A magnificent retelling of Frankenstein. And the Audiobook Performance of Katharine McEwan was five stars too.

2. An Unkindness of Magicians (An Unkindness of Magicians #1) by Kat Howard

This is a masterpiece, it has magic but even though it managed to have an extremely original plot of fantasy filled up with so many important themes and written in such an awesome style that I can’t believe it doesn’t has a higher rating and it isn’t all that hyped. Quality food-for-thought that everybody interested (or not) in stories with magic should read.

3. Children of the Nameless (Magic: The Gathering #72) by Brandon Sanderson

I read this for the r/fantasy Bingo Challenge. This was awesomely well written. Brandon Sanderson is one of the best fantasy authors at the moment. And you can read this story for free at the Magic The Gathering Website

4. We Were Liars by E. Lockhart

I rarely read mystery and even more rarely contemporary, but even though I could not stop reading this well written book, so it took me a day to read it entirely.
It is… Quite surprising and I like that in books, I won’t say more not to spoil it.

5. Rebel of the Sands (Rebel of the Sands #1) by Alwyn Hamilton

This was a wonderfully written tale of the desert, with so many important underlying themes and a compelling story with awesomely developed characters.
I will surely be following this series and Alwyn Hamilton is a new favorite author to watch for. The “Goodreads Choice Winner of 2016” prize this book has won is completely deserved.

I also read the second book in this series:

Traitor to the Throne (Rebel of the Sands #2)

This is the second book on this awesome YA trilogy with desert setting and Arabic mythology. It reminds me of City of Brass, but imo this is even better.
The writing style, the story world and the characters, everything is masterly written in a page-turner, edge of your seat way, until the very last phrase. If I could give this book more than five stars I would. 😉
I’ll be picking the series third book in the library soon, so stay tuned.

6. Circe by Madeline Miller

A well written and inspiring story. I’ll be surely reading more books from this author. Perdita Weeks is a great Audiobook narrator too.

7. Killing Gravity (Voidwitch Saga #1) by Corey J. White

An entertaining, page-turner novella, with great world, characters and a nice twist in the space opera sub-genre. After reading the first book in just one sitting, I will surely go on reading this series. I also read the next novellas, #2 and #3, and I’m looking forward to more books in this amazing space opera series!

8. Empire of Silence (Sun Eater #1) by Christopher Ruocchio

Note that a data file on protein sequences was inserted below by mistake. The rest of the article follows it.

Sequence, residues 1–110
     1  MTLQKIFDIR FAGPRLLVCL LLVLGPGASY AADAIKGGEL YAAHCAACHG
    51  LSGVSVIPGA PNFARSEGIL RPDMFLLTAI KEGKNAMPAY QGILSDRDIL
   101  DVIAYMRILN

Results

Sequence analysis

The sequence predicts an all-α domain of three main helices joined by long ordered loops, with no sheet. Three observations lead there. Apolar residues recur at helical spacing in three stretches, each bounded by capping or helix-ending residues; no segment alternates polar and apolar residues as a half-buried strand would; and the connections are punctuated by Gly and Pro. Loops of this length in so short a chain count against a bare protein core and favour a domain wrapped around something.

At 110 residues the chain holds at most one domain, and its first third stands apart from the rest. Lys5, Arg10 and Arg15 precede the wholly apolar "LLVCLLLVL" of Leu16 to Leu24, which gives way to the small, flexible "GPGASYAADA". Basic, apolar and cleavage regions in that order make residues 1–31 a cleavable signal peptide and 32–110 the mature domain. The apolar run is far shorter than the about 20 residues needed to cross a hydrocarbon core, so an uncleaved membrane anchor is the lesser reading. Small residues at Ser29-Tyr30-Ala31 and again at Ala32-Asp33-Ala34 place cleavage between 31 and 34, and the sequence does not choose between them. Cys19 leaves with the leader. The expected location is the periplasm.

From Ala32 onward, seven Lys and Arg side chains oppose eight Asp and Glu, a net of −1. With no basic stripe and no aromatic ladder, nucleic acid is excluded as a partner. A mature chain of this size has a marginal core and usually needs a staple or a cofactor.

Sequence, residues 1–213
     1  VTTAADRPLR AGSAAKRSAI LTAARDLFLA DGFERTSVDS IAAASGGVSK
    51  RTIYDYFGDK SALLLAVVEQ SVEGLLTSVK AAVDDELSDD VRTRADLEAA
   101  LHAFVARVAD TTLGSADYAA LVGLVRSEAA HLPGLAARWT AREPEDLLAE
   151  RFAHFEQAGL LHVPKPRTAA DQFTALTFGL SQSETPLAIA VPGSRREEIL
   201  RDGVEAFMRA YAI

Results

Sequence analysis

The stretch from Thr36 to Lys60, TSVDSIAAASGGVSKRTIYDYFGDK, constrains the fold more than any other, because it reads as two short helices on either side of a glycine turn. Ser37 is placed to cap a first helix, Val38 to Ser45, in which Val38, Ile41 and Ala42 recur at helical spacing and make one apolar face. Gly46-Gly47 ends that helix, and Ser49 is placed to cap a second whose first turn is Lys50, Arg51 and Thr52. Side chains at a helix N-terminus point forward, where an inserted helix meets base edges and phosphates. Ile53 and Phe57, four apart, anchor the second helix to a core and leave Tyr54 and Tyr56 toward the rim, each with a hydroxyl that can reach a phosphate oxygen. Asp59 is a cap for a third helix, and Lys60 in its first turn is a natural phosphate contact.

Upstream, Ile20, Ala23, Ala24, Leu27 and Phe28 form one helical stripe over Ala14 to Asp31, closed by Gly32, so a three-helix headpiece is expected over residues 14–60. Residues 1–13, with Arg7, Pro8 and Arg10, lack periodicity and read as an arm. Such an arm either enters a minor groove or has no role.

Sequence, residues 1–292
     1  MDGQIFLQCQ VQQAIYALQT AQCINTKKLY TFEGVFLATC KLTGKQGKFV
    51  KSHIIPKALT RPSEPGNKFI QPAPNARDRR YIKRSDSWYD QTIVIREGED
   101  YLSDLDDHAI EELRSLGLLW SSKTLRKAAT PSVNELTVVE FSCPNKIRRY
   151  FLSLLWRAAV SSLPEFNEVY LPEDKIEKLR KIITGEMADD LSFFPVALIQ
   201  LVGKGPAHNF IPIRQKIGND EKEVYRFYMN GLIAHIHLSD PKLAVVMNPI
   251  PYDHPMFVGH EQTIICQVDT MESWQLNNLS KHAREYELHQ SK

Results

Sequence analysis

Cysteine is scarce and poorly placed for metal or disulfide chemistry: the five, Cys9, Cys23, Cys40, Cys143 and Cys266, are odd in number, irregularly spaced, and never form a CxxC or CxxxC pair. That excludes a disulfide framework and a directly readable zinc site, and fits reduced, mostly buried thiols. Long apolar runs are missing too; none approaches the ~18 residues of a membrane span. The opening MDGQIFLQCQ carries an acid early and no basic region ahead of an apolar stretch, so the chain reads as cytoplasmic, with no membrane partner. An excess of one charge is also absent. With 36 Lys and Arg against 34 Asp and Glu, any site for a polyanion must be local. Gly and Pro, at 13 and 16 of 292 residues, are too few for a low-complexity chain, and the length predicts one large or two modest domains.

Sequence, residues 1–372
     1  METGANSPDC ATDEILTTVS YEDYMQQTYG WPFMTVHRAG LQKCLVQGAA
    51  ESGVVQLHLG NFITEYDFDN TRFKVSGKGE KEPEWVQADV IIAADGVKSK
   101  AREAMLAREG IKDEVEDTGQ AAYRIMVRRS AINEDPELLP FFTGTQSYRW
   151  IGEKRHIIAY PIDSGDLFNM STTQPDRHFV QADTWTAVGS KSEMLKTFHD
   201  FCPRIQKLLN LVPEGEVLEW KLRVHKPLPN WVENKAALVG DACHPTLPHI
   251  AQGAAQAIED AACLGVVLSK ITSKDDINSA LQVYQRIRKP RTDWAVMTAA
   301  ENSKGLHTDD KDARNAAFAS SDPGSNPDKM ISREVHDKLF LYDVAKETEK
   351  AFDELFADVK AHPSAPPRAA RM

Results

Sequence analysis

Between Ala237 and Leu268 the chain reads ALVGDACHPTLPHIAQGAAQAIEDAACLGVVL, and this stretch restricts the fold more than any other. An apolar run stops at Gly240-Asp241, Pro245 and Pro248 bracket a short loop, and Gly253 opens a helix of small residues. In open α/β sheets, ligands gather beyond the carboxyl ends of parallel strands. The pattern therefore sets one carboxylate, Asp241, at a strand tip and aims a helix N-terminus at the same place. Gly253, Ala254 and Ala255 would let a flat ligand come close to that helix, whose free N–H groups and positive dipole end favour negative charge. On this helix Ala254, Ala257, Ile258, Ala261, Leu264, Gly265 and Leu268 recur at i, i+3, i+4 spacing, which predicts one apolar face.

This is extremely well written. I see it more as epic fantasy with space opera elements than the other way around, but what matters is that once you start reading this, you won’t be able to put it down.

Note: The Blurb gives way too much of the story away, so I would not read it.

9. Snow White Learns Witchcraft: Stories and Poems by Theodora Goss, Jane Yolen (Introduction)

This is a beautifully written collection of short stories and poems, not only inspired, but also composed of “fairy tales fractured, reinvented, re-imagined, retold” as Jane Yolen describes in her Introduction “A Welcome to the Coven.”
Poetic, feminist and literary, the stories and poems are at times obscure, rich with symbols, and at times convey relatable women’s experiences and feelings in a deeply touching way. It also discusses women’s life experiences, and themes like women’s love, desire, marriage, motherhood, artistic expression, freedom, aspirations. It’s rich in themes deeply embedded in all its ‘tales’.

My favorite stories were:
“Blanchefleur”, with a beautiful quote about empathy.
“The Other Thea”, about a witch and her passional shadow.
“The Bear’s Daughter” about a girl who dreams of the south.
“Diamonds and Toads” about the interpretation of morality in fairy tales.
“The Princess and the Frog” with a nice twist on the outcome of the tale.
“Conversations with the Sea Witch” with the “old women sitting together in the sunshine”.
and finally “The Nightingale and the Rose” that was so touching it made me cry.

I consider this book a modern classic. I read it slowly because its richness of themes and meanings requires time to absorb and think over. I’ll probably reread this later on and also also check other books by this awesome author.
I would like to thank NetGalley and Mythic Delirium Books for providing me a copy of this book in exchange for an honest review.

10. A Memory Called Empire (Teixcalaan #1) by Arkady Martine

It did take me a while to hear this because I didn’t want to loose any detail of this book full of political intrigue and twists. I will following this series for sure. The audiobook narrator, Amy Landon, was quite good too.

11. Planetfall (Planetfall #1)by Emma Newman

This was a very suspenseful, and character-driven science fiction. I’ll be following this series.

12. The Language of Thorns: Midnight Tales and Dangerous Magic (Grishaverse) by Leigh Bardugo (Author), Sara Kipin (Illustrator)

This book was very nicely illustrated, and the ‘rewritten’ fairy tales were so original. It is a book I’m happy to have bought a hardcover physical copy of, because it is such a beautiful book.

My favorite stories were the last two, but the whole collection was five stars.

 

And you, have your reader preferences changed in 2019? Which were your favorite books from last year?